For most of us, the trigger is either: a place, a time, a certain emotional state, a certain person, an audience, an action, or an event. To identify the trigger, simply write down the answers to the following questions every time you notice the behavior or you catch yourself before subduing to it:
- Where are you?
- What time is it?
- How are you feeling?
- Who are you with?
- What are you doing?
- What’s going on around you?
Don’t overthink your answers, but ponder over those you don’t often think about – listening to your gut goes a long way. After several answers, you will be able to pick up a pattern and identify the trigger.
Okay, so now we know how to identify all the gears that make up a habit and how to fight bad ones. Let’s see how to replace a bad habit with a good habit!
How to Replace Bad Habits with Good Ones
There is no influence like the influence of habit. – Gilbert Parker
The easiest way to create a habit is to find a reliable trigger and a reward you crave.
The trigger can be anything that happens around the time when or in the context in which you want to implement a certain behavior. This can mean waking up in the morning, having lunch, having a snack, going into a meeting, or answering a phone call.
The reward MUST be something you deeply crave, something your brain would really look forward to. Eating a bit of chocolate or beef jerky, getting a small gift for yourself, or listening to your favorite band are all great examples.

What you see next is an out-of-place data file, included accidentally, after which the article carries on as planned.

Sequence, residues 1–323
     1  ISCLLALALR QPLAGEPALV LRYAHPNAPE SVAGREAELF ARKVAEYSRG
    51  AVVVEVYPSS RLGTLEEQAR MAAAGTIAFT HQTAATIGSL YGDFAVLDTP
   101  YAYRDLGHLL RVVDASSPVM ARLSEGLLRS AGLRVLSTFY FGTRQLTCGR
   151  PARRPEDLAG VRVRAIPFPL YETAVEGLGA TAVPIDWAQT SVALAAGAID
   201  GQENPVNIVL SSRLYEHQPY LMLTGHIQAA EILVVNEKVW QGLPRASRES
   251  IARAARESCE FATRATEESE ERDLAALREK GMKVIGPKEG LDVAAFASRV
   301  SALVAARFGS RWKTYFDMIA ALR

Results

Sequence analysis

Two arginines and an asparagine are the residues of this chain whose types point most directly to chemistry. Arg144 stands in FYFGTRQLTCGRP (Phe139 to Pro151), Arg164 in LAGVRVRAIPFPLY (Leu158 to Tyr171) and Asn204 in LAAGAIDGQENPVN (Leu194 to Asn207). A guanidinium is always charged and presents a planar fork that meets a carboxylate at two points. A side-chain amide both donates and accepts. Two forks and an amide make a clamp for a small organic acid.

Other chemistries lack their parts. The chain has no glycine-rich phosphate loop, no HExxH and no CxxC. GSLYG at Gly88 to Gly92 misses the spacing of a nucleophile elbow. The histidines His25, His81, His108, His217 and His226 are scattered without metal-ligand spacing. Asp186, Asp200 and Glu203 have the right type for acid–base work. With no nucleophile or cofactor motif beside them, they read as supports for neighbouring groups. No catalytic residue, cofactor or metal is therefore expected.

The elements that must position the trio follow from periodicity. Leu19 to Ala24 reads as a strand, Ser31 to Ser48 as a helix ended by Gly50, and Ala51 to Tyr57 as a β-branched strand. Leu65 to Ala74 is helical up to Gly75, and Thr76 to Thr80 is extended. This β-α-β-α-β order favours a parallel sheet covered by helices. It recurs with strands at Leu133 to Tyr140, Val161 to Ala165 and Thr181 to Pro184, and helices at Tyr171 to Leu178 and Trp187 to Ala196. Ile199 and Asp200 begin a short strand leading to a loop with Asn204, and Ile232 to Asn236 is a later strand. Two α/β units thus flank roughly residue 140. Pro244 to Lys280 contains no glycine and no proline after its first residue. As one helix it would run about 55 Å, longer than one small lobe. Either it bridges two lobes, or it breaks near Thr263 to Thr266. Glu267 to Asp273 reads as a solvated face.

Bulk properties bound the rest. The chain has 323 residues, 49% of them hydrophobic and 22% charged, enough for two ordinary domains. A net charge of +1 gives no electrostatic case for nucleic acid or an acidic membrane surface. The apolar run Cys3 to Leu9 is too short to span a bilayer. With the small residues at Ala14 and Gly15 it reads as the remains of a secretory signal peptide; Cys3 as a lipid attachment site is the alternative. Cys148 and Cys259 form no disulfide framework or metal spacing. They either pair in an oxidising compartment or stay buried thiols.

Here’s the step by step process:
- Identify the action you want to make a habit out of.
- Find the trigger that naturally happens in the context in which you want to form the new habit.
- Find a reward you highly desire and build up anticipation.
- Reward yourself when (or after) you perform the action.
Some tips to consider when replacing bad habits with good ones:
- Think about what you’re gaining instead of what you’re giving up. A positive twist is essential. Focus on the long-term benefits of your new habit, which should naturally outweigh the short-term comfort your old habit offers.
- Take it easy & don’t go all in. Let’s say you discovered this method and want to tackle as many bad habits as possible. DON’T. You will overwork your ambition and determination much sooner than you’ll expect, which drastically decreases your chances of success.
- Be patient with yourself and practice self-empathy. In fact, I highly recommend this as one of the good habits you adopt. Instead of beating yourself up when relapsing into a bad habit you’re trying to quit, reassess your motivation and/or find a new reward that might work better.
- Prepare for failure. Yes, failure is always an option and you should accept that. When trying to break bad habits, repeatedly trying and failing is more common than you’d think. The most important thing is to persevere, success won’t come right away most of the time.
Chains of habit are too light to be felt until they are too heavy to be broken. – Warren Buffett
Breaking bad habits and replacing them with good ones might take some time and definitely requires effort and dedication.
But it’s also one of the most rewarding actions you can take for the sake of your future self, progress, and living the life you want to.
I’m passionate about personal development and growth, personality traits, and all things related. When I’m not working on myself, I enjoy hiking in the great outdoors, reading, watching movies, and taking care of my indoor garden. But my strongest passion will always be self-help.